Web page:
In a landmark trial, a Beijing court has given a 4.7 million yuan fine to the company behind an app that automatically grabs "red packets" on WeChat, setting a precedent for other cases involving using scripts to automate operations on the internet that might harm users or service providers' interest.
The Beijing Intellectual Property Court ruled that an app called “Red Packet Quick Hand” (Hongbao kuaishou 红包快手), developed by Shenzhen Top View Technology Co.,Ltd, violated the rights and interests of Tencent, and constituted unfair competition according to relevant laws.
The app runs on the background of Android phones, and allows red packets/lucky envelopes, which contain digital money and are sent between users or among chat groups on WeChat, to be automatically opened within seconds.
Tencent had argued that the app damages its interest and breaks the user experience of WeChat, and had implemented a technical fix to address the issue. Top View subsequently updated the app to counter the Tencent fix. Then Tencent brought the company to court for unfair competition. In a separate case, Kuaishou, another major Chinese internet company, also sued Top View for using a similar name for its app.
The Beijing Intellectual Property Court found that the app in question violated the Article 12, Section 2 and 4 of the Anti-Unfair Competition Law, which states that app behavior that hinders or breaks other legally operating internet services is illegal.
Tencent asked for a whopping 50 million yuan compensation. The court decided on an amount of 4.5 million plus other fees.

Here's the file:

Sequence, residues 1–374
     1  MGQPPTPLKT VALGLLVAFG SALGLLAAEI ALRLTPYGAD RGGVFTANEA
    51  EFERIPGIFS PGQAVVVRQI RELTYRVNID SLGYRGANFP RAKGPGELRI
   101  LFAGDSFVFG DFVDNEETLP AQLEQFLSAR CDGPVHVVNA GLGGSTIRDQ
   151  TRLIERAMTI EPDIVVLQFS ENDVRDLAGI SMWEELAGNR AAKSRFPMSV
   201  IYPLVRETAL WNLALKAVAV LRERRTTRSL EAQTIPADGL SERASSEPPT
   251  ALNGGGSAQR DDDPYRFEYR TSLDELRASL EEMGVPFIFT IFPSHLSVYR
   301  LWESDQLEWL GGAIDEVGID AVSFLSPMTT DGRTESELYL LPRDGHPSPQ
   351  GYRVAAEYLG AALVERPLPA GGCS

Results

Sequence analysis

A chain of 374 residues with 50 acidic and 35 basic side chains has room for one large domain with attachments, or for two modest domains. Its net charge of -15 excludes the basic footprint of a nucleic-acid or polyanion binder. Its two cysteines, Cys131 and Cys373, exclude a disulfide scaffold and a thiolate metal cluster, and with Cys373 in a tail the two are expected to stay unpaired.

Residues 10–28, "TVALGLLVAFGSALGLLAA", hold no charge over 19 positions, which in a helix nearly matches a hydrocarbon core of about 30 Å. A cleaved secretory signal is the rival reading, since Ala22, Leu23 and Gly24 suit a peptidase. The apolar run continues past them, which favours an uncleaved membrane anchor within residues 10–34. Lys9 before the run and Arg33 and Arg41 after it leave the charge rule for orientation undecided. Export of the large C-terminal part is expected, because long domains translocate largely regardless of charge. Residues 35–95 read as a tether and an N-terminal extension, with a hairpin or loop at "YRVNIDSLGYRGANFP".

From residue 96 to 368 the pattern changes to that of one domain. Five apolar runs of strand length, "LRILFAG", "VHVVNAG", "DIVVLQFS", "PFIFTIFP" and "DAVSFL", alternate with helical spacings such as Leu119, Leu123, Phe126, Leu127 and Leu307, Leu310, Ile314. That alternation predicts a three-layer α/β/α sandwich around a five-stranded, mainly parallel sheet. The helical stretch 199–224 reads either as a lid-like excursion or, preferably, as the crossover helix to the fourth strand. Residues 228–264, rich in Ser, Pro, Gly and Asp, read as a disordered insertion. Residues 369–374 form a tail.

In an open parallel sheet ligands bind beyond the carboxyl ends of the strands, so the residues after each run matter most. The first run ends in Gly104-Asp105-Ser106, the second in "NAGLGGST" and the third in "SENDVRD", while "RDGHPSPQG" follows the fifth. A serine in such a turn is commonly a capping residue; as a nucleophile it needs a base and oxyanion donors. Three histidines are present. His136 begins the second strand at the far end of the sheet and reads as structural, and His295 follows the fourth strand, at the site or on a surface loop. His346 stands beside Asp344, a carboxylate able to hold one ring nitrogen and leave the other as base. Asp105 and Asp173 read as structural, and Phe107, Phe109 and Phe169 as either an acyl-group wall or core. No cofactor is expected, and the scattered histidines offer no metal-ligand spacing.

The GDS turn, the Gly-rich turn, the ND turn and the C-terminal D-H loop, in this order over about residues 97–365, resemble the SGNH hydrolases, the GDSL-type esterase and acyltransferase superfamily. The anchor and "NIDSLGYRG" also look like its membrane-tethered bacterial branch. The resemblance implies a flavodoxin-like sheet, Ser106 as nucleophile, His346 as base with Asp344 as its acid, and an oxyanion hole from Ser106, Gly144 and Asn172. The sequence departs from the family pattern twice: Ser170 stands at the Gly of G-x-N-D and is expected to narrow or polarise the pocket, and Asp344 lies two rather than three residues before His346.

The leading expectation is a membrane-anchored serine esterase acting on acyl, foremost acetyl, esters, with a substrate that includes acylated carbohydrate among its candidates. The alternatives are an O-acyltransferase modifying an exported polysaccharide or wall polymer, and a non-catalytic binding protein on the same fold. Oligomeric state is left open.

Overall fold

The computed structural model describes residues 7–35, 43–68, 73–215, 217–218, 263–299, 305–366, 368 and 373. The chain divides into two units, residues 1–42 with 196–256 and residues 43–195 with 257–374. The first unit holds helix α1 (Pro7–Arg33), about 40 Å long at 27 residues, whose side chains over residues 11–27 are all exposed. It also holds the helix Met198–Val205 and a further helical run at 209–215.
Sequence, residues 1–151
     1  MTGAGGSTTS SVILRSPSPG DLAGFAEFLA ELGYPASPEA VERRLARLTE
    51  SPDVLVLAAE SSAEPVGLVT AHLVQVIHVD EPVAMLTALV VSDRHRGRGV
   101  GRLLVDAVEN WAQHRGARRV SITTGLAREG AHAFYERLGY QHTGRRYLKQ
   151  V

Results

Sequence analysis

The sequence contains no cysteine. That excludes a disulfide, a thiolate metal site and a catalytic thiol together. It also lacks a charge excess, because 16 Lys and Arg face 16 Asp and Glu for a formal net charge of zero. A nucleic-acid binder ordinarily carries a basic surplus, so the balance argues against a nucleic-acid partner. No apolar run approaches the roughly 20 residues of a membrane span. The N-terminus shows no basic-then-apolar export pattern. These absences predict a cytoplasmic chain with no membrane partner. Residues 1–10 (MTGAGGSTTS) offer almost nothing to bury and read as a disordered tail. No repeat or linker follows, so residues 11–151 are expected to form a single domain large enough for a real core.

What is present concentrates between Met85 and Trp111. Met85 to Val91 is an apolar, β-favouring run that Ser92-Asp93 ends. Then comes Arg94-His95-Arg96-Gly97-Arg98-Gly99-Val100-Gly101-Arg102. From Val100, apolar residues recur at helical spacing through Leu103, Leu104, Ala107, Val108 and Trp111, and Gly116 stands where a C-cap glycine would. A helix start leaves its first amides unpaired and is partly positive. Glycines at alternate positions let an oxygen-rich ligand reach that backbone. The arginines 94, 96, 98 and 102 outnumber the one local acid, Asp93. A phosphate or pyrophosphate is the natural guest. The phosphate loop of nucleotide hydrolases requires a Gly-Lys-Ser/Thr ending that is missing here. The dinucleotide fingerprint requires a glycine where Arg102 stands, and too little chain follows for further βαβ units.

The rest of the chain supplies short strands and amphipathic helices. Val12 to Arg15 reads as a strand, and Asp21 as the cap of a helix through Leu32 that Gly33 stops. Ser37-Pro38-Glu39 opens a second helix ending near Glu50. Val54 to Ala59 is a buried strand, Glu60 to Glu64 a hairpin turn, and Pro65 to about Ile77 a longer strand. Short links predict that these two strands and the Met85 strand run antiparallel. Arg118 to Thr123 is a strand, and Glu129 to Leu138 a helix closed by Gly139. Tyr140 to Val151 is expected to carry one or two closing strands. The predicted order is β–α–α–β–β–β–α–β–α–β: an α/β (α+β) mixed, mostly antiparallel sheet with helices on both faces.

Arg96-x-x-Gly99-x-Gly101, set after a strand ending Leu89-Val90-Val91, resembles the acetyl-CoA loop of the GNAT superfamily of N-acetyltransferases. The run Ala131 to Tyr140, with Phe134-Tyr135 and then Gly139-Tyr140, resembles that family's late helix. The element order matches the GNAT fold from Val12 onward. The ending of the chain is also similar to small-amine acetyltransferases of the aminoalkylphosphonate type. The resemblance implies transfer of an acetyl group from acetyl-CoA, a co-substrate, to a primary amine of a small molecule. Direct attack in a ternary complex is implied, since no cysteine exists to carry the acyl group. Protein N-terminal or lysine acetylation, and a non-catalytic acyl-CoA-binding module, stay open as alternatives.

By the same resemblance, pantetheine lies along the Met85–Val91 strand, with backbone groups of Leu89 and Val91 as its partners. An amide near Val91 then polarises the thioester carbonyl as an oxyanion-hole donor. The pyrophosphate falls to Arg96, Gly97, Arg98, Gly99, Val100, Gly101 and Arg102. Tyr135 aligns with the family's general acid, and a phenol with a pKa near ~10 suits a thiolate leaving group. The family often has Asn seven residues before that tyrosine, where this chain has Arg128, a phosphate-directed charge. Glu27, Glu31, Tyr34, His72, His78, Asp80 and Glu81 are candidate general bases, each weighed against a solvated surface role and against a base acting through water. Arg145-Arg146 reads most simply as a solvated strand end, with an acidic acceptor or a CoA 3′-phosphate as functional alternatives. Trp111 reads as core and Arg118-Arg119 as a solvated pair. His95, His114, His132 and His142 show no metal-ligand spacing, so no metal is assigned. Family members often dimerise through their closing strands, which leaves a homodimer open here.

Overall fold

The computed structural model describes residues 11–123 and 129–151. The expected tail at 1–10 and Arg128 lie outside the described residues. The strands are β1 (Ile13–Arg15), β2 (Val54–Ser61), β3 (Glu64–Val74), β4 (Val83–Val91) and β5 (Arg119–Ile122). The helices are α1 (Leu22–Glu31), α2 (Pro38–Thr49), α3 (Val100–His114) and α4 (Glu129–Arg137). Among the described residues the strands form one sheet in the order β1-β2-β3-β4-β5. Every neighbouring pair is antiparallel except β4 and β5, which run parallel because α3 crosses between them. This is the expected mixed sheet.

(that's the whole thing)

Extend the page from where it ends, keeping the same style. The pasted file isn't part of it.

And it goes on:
Wandoujia, a prominent Chinese Android app store, is also a defendant of the case for its involvement in distributing the app, but was cleared of mal-intent by the court.
This is the first-of-its-kind ruling in China on auto-run scripts, some of which in the past have served people well while also being the center of controversies.
One example is with train tickets. Particularly during peak periods, such as the Chinese New Year holidays, train tickets are hard to come by, so internet companies from big to small used to update their products with features based on scripts to help users secure tickets, although they are also criticized for causing inequality (especially among less tech-savvy elderly citizens). Some of these features were ultimately blocked by 12306, the ticketing service operated by China’s state-owned railway company, while others have been found to have ties to illegal ticket scalpers.
It’s interesting though that in the Top View case, the court actually ruled that besides constituting unfair competition, the script also harmed the “social and entertainment” factors of WeChat’s red packet feature, and “may lead users who have not used the app to have a bad impression on WeChat, damaging WeChat’s business reputation.”
The Beijing Intellectual Property Court specializes in IP and technology industry-related cases. Interestingly, the court is also known to be trialing a "Case Guidance System"(案例指导制度), or essentially case law, which is not something in China's civil law system.
That makes this case important because it sets an important precedent for courts across China when dealing with cases that have to do with scripting technologies. More monumentally, it is also a prominent case that involved one company making sophisticated technology that could block another company’s product from performing like it is designed to.
There could potentially be a number of cases where this mentality of the Beijing court’s ruling can be applied to, such as the long-standing mutual blockade of Tencent and Alibaba. However, industry chatters also suggest that the two Chinese internet giants are considering approaches to unblock each other, such as Tencent allowing Taobao links to be posted and directed within WeChat chats.
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